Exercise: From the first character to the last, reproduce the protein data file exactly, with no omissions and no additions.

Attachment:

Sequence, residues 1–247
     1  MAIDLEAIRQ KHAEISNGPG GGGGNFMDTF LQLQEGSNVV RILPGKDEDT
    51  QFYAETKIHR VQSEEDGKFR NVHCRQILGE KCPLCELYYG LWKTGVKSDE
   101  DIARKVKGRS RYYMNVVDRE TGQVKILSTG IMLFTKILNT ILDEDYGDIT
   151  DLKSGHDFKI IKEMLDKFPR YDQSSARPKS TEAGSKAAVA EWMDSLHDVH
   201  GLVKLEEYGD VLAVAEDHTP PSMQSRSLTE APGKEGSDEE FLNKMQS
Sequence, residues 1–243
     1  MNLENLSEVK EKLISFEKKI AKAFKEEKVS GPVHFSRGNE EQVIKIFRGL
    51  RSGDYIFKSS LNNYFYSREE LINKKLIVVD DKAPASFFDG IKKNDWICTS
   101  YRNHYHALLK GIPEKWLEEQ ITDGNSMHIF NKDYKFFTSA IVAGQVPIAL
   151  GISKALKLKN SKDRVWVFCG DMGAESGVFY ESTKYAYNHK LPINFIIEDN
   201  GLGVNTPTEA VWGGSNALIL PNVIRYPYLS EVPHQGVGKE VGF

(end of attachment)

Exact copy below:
Sequence, residues 1–247
     1  MAIDLEAIRQ KHAEISNGPG GGGGNFMDTF LQLQEGSNVV RILPGKDEDT
    51  QFYAETKIHR VQSEEDGKFR NVHCRQILGE KCPLCELYYG LWKTGVKSDE
   101  DIARKVKGRS RYYMNVVDRE TGQVKILSTG IMLFTKILNT ILDEDYGDIT
   151  DLKSGHDFKI IKEMLDKFPR YDQSSARPKS TEAGSKAAVA EWMDSLHDVH
   201  GLVKLEEYGD VLAVAEDHTP PSMQSRSLTE APGKEGSDEE FLNKMQS
Sequence, residues 1–243
     1  MNLENLSEVK EKLISFEKKI AKAFKEEKVS GPVHFSRGNE EQVIKIFRGL
    51  RSGDYIFKSS LNNYFYSREE LINKKLIVVD DKAPASFFDG IKKNDWICTS
   101  YRNHYHALLK GIPEKWLEEQ ITDGNSMHIF NKDYKFFTSA IVAGQVPIAL
   151  GISKALKLKN SKDRVWVFCG DMGAESGVFY ESTKYAYNHK LPINFIIEDN
   201  GLGVNTPTEA VWGGSNALIL PNVIRYPYLS EVPHQGVGKE VGF